Are we oversharing on LinkedIn?
Business is human. As the pandemic took hold and many of us were forced to work from home, we lost the casual conversations we used to have with colleagues and coworkers about our “whole selves.” As many of us continue to work from home, we struggle with finding that connection again with new and old colleagues.
So are the days of water cooler chats and learning what’s going on with our coworkers professionally and personally over? Not if LinkedIn is involved.
Recently, The New York Times published an article discussing “How LinkedIn Became a Place to Overshare.”
Since the COVID-19 pandemic began in 2020, users all around the world have started using LinkedIn as a way to bridge the gap between working from home and traditional office culture.
Founded in 2003 as a business and employment-oriented platform, today LinkedIn has become the place to bond with coworkers, share ideas, and connect on both personal and professional issues outside of Slack or Google Chat. But not everyone is happy about this shift – especially those who have used LinkedIn for recruiting purposes or business relationships. The platform’s newsfeed is now crowded with personal posts, leaving users seeking job opportunities or networking pushed aside.
“There is a tension here. On the one hand, we want to support workers’ self-expression and self-disclosure,” Mx. Zheng, who is quoted in The New York Times said. “But, at the same time, they added, workers should feel free to maintain boundaries between their personal and work lives, including on LinkedIn.”
The largest shift beyond a flood of users posting about their day-to-day world and how it relates to their working life, has been an increase in posts relating to high-profile topics including politics, civil rights and often-contentious cultural issues that one would typically shy away from in the context of a job interview.
But what’s LinkedIn’s take on this shift?
In the New York Times article, Daniel Roth, Vice President and Editor-In-Chief of LinkedIn is quoted stating, “LinkedIn is not encouraging, or discouraging, intimate posts. In terms of the personal content, I wouldn’t say that we got too involved there.”
LinkedIn has tested many different format styles over the years to compete with other social networking sites, including a story-style video post format, familiar to fans of Snapchat and Instagram, but the platform sunsetted the feature in August of 2021. This type of format is popular among influencers, which explains why LinkedIn is encouraging influencers, now more than ever, to join the site in the hope that they will post about topics like leadership, according to The New York Times. “The company walks a fine line, as it tries to encourage engagement on the site while protecting the professional context that it says its users expect. Mr. Roth said that posts about skills and work accomplishments — more classic office fare — have seen increased engagement in the past year.”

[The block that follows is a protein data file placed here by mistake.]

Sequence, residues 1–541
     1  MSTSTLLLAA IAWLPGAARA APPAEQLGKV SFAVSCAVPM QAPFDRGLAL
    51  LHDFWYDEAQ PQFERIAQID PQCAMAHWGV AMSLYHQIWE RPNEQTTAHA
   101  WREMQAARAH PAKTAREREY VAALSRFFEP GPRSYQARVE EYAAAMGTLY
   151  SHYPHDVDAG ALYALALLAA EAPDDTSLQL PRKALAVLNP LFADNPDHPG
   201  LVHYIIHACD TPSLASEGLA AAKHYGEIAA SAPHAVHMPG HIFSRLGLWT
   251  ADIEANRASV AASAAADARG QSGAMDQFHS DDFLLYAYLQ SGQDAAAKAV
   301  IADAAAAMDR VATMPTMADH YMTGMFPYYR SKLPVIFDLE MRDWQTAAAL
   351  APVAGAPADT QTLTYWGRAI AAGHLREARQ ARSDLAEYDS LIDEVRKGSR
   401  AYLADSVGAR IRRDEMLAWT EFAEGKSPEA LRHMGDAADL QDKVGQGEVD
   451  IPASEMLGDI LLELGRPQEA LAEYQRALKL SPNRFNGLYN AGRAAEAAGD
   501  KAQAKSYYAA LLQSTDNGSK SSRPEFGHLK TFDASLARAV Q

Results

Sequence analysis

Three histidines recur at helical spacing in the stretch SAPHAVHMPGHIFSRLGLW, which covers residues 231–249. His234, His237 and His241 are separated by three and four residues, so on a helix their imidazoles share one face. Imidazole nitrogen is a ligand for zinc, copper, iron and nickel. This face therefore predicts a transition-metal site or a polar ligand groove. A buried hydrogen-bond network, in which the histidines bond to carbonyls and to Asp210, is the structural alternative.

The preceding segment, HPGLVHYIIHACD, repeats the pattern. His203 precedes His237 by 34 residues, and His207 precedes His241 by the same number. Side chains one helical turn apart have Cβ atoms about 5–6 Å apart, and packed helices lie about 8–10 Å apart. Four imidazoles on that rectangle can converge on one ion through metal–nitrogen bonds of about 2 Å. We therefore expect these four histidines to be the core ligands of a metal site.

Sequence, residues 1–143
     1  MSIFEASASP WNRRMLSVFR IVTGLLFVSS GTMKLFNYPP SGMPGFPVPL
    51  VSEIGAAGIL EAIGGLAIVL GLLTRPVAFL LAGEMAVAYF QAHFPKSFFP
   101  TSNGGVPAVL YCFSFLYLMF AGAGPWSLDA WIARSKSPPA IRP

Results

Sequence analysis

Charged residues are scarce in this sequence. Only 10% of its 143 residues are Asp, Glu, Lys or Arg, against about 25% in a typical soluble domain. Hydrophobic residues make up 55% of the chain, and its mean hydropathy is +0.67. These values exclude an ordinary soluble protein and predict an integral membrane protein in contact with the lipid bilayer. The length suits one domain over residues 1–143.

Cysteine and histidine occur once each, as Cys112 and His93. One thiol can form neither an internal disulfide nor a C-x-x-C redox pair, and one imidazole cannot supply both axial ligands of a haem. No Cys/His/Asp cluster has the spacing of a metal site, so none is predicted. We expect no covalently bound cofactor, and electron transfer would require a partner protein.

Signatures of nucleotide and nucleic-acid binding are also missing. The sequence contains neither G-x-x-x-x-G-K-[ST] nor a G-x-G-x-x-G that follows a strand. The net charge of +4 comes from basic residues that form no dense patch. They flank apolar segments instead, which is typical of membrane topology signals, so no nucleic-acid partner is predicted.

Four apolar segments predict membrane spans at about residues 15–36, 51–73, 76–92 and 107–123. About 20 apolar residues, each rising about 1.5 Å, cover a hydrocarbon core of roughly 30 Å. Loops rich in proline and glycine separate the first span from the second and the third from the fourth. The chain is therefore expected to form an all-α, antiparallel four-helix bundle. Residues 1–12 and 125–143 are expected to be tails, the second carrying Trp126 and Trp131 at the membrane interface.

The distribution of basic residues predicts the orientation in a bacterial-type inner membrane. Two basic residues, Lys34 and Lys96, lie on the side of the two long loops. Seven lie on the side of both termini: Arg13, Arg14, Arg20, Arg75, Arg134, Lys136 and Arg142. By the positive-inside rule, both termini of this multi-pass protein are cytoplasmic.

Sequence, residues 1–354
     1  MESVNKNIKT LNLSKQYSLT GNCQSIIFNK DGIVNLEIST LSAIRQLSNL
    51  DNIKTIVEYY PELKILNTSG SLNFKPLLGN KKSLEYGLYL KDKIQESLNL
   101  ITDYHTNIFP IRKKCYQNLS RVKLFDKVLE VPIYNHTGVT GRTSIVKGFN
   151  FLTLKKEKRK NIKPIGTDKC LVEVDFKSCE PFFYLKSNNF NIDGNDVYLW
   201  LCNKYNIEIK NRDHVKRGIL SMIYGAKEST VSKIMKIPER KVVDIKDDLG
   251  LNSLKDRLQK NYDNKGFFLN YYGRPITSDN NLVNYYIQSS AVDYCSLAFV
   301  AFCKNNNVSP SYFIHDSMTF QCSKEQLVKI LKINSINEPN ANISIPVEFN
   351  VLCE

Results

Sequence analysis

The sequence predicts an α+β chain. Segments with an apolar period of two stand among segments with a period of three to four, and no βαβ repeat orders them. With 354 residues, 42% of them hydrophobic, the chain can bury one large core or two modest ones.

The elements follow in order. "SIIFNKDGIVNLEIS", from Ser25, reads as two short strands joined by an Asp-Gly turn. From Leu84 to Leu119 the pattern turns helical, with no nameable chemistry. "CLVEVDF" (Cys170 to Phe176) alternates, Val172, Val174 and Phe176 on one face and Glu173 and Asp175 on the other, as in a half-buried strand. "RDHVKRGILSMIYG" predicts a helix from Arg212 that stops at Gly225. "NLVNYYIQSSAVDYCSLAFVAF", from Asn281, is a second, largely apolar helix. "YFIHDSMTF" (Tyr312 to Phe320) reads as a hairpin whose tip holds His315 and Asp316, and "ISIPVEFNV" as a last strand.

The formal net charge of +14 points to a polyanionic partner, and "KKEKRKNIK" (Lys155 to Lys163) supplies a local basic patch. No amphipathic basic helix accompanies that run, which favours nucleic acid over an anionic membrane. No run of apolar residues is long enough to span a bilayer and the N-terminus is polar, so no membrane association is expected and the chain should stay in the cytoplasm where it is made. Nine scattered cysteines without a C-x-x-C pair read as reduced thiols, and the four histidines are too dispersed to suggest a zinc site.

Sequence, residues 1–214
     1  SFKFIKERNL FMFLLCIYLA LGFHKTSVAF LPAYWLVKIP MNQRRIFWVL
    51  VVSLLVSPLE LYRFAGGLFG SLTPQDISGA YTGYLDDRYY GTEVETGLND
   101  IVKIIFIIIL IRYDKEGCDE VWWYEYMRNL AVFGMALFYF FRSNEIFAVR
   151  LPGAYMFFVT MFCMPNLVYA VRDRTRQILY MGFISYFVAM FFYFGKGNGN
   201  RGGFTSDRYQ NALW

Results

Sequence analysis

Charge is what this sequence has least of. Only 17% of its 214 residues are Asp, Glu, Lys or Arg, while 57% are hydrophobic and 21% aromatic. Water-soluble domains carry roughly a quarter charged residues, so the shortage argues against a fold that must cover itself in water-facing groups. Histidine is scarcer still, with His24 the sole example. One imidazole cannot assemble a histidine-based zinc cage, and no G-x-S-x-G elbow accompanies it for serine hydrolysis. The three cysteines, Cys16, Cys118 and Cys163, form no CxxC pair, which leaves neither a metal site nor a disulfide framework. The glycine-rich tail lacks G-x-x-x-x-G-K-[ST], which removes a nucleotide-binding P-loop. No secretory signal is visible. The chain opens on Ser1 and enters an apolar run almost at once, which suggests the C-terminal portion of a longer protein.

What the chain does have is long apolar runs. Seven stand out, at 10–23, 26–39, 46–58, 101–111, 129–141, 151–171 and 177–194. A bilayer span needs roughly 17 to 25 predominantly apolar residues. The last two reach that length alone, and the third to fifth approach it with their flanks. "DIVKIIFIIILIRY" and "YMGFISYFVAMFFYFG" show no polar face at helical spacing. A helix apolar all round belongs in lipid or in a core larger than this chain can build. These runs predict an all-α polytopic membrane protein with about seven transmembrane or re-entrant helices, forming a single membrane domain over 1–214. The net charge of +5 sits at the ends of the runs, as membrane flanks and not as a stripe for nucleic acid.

A topic discussed on LinkedIn that we see more often than not recently is mental health, and how it relates to today’s modern professional work environment.
“Early in the pandemic, we started seeing content we really hadn’t seen before,” Roth said. He also stated that he noticed people posting about mental health, burnout and stress. “These were unusual posts for people where they were being much more vulnerable on LinkedIn,” Roth noted. It wasn’t as if no one had broached those topics on the site before but it was “nothing like the volume” that LinkedIn started seeing in the Spring of 2020, and continued seeing over the next two years.”
What we are now seeing is that LinkedIn, both from a paid and organic perspective, has become less of a B2B platform and instead rather a B2H platform – Business to Human.
LinkedIn has given users a platform to share their voice in a way that didn’t exist before – but at the same time, it’s also opened up the floodgates for people to potentially overshare. Time will tell if this will continue or evolve like the rest of social media does over time.